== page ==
AUTOSAVE
save_canvas
- canvas saved under E:\git_repos\phenopype\_temp\output\ex6_proj\data/0__snails1\canvas_v1.jpg (overwritten).
save_data_entry
- column ID not saved (overwrite=False)
save_scale
- save scale to attributes (overwriting)

TERMINATE
E:\git_repos\phenopype\_temp\output\ex6_proj\data\0__snails2\pype_config_v1.yaml

------------+++ new pype iteration 2020:05:01 18:48:27 +++--------------

- columns ID from attributes.yaml
- current scale information loaded from attributes.yaml
PREPROCESSING
create_scale
- scale pixel-to-mm-ratio already measured (overwrite=False)
enter_data
- column ID already created (overwrite=False)
SEGMENTATION
blur
threshold
watershed
find_contours
MEASUREMENT
colour_intensity
VISUALIZATION
select_canvas
- raw image
draw_contours
EXPORT
save_contours
- contours saved under E:\git_repos\phenopype\_temp\output\ex6_proj\data\0__snails2\contours_v1.csv (overwritten).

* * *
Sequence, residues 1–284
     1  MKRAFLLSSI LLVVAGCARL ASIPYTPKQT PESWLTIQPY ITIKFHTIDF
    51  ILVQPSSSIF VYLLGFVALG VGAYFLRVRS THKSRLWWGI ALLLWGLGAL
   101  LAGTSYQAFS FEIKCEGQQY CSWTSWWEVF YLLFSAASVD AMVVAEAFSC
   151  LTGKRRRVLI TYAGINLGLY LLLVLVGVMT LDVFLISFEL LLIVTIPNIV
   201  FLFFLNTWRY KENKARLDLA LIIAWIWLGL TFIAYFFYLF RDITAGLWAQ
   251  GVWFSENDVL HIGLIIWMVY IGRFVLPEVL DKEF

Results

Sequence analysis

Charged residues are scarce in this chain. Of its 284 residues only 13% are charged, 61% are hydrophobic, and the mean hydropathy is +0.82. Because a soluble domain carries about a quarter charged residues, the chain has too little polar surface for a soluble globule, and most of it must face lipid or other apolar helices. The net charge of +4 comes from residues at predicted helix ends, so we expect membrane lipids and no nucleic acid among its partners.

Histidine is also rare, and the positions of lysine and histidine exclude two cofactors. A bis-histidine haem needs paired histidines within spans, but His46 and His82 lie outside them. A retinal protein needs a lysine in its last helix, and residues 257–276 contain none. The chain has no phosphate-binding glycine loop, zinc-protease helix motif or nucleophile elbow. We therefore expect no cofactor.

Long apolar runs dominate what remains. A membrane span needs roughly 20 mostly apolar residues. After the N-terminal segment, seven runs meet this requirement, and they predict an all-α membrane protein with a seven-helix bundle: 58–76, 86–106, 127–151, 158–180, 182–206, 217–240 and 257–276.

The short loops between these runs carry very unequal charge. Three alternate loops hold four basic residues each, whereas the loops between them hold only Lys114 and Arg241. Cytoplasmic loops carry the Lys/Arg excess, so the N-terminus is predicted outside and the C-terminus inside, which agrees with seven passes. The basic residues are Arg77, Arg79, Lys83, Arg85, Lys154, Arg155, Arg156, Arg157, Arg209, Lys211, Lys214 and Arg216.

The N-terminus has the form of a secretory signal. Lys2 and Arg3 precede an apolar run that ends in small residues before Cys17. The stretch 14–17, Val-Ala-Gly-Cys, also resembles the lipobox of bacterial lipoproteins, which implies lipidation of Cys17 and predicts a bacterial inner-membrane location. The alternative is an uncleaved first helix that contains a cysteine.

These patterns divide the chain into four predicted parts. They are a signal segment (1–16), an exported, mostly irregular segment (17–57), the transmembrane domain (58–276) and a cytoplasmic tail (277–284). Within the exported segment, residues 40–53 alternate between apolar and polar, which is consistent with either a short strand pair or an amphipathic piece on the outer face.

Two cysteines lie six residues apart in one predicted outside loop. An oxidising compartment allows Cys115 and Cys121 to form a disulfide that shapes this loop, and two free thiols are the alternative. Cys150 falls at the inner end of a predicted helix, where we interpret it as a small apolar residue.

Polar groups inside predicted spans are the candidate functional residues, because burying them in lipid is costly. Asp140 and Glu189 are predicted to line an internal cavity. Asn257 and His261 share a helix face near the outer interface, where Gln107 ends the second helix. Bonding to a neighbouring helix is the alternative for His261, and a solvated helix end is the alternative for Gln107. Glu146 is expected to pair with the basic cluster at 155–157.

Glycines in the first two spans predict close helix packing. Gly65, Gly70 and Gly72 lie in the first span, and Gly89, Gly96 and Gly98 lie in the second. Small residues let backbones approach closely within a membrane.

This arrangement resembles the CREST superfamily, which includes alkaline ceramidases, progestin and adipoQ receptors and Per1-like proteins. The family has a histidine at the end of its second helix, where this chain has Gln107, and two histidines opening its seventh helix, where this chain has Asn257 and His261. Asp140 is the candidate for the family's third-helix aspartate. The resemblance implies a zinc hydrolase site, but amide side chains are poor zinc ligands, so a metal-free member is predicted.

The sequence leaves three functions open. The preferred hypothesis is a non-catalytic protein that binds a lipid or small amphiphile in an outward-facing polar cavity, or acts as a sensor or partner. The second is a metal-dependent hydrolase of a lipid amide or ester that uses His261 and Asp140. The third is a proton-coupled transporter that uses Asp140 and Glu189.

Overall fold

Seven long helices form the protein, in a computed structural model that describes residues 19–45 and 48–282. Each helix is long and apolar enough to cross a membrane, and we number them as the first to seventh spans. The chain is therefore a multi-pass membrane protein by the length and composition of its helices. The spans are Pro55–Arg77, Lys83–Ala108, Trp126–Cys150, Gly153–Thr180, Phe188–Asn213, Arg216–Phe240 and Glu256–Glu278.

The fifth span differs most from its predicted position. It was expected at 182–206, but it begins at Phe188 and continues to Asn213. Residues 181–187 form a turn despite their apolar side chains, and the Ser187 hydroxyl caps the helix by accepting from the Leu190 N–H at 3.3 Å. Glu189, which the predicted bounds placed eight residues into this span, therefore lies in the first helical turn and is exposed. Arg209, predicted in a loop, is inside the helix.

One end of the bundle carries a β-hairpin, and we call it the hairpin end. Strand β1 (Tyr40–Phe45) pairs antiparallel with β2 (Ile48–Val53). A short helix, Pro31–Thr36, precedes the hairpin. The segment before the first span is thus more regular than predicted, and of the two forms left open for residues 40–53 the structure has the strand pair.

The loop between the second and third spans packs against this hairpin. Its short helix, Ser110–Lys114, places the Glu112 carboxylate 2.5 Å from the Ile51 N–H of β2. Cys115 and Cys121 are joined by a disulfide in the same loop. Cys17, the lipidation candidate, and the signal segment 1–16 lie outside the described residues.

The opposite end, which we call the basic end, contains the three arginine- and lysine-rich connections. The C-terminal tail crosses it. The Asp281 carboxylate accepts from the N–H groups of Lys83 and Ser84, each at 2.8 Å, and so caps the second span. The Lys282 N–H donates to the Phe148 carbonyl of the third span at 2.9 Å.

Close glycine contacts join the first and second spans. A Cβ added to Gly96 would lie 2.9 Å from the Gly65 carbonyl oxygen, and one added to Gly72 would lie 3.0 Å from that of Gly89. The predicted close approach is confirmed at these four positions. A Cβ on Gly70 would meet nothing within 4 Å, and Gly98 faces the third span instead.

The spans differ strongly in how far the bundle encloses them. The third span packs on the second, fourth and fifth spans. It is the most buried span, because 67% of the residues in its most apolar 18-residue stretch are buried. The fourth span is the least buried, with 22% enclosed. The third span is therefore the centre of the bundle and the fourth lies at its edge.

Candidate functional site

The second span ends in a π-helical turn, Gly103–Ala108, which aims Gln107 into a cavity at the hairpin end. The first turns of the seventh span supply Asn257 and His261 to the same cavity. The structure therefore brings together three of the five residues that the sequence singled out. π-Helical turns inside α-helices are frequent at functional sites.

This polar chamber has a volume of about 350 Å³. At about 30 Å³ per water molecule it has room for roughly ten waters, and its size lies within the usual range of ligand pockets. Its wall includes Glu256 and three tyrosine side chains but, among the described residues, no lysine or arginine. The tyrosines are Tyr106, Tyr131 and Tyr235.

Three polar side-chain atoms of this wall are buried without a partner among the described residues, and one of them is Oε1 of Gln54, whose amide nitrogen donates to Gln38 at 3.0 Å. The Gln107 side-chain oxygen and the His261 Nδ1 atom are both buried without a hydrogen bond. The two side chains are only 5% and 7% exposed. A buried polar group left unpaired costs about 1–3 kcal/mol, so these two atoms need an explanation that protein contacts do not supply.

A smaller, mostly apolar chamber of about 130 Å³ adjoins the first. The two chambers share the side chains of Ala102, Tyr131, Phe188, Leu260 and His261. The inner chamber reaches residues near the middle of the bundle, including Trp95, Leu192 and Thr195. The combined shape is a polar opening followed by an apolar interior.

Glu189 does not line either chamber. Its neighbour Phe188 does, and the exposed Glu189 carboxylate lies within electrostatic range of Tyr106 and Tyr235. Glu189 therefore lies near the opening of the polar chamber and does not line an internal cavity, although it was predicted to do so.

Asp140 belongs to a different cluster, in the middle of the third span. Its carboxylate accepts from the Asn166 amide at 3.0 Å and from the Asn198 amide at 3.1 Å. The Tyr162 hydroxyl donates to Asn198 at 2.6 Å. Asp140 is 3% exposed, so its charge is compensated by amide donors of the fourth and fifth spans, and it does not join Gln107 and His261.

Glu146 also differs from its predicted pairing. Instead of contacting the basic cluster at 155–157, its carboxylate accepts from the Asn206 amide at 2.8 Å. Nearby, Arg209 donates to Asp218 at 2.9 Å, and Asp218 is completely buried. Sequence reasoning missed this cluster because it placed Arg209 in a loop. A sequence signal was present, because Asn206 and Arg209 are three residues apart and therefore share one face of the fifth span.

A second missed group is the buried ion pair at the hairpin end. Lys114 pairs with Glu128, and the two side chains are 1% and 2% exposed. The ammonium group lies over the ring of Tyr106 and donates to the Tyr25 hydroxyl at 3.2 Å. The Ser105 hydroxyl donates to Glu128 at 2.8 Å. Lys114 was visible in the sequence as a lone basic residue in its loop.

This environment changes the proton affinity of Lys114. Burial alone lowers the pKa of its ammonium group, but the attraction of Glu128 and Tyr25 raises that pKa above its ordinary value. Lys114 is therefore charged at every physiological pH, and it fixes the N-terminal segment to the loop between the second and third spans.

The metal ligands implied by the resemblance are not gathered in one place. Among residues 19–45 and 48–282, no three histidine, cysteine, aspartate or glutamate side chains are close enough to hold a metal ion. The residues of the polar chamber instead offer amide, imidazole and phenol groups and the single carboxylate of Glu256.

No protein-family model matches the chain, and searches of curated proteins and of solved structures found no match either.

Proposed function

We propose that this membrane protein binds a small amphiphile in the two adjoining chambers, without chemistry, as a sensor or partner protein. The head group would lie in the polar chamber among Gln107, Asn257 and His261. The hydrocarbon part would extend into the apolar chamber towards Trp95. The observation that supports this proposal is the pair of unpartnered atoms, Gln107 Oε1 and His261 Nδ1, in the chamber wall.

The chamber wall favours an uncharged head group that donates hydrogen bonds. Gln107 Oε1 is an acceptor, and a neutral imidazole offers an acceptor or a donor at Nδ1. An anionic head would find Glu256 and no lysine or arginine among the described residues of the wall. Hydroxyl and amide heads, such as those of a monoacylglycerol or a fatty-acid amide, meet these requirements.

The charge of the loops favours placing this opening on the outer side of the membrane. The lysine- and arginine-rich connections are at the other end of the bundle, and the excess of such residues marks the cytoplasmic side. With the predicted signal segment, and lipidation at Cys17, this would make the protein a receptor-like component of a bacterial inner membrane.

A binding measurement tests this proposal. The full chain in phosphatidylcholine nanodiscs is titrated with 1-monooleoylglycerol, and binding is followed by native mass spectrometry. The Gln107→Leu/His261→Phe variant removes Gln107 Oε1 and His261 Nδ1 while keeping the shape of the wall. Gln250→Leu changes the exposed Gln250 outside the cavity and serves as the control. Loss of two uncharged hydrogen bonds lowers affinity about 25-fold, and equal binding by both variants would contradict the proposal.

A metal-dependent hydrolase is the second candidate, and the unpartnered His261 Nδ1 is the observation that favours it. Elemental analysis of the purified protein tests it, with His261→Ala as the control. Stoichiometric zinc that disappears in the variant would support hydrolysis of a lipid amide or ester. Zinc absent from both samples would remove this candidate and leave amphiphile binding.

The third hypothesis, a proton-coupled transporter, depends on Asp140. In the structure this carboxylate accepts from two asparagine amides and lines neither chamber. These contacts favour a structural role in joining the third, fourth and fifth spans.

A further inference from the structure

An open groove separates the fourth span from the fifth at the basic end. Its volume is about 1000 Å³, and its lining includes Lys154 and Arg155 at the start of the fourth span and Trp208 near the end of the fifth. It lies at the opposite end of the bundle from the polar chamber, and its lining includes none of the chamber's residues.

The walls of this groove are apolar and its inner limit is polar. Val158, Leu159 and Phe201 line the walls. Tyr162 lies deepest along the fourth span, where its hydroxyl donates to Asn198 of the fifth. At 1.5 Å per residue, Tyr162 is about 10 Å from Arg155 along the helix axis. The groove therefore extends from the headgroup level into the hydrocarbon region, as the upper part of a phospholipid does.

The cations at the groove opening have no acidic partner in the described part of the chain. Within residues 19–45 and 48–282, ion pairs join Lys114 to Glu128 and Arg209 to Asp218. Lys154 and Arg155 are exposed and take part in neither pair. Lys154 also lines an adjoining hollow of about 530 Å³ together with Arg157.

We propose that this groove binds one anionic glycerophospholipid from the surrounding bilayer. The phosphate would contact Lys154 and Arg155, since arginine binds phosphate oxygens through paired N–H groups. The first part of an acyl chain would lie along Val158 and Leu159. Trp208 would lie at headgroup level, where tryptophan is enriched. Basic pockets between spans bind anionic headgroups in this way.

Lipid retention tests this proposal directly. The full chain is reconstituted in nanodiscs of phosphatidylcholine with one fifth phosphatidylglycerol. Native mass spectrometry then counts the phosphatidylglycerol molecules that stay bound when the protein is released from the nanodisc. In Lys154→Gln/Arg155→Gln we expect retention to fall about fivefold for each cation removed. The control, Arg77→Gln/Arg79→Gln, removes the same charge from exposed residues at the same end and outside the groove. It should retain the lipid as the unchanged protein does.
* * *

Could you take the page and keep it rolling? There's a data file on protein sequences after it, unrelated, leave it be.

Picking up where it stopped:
save_colours
- colours saved under E:\git_repos\phenopype\_temp\output\ex6_proj\data\0__snails2\colours_v1.csv (overwritten).
AUTOSAVE
save_canvas
- canvas saved under E:\git_repos\phenopype\_temp\output\ex6_proj\data\0__snails2\canvas_v1.jpg (overwritten).
save_data_entry
- column ID not saved (overwrite=False)
save_scale
- save scale to attributes (overwriting)

TERMINATE


In the end, use the collect_results method of proj to save all results to a folder in the root directory.

[1]:

proj.collect_results(name="v1",files=["contours"], folder="contours_ref", overwrite=True)

---------------------------------------------------------------------------
NameError                                 Traceback (most recent call last)
<ipython-input-1-b2cf852f4471> in <module>
----> 1 proj.collect_results(name="v1",files=["contours"], folder="contours_ref", overwrite=True)

NameError: name 'proj' is not defined

[ ]: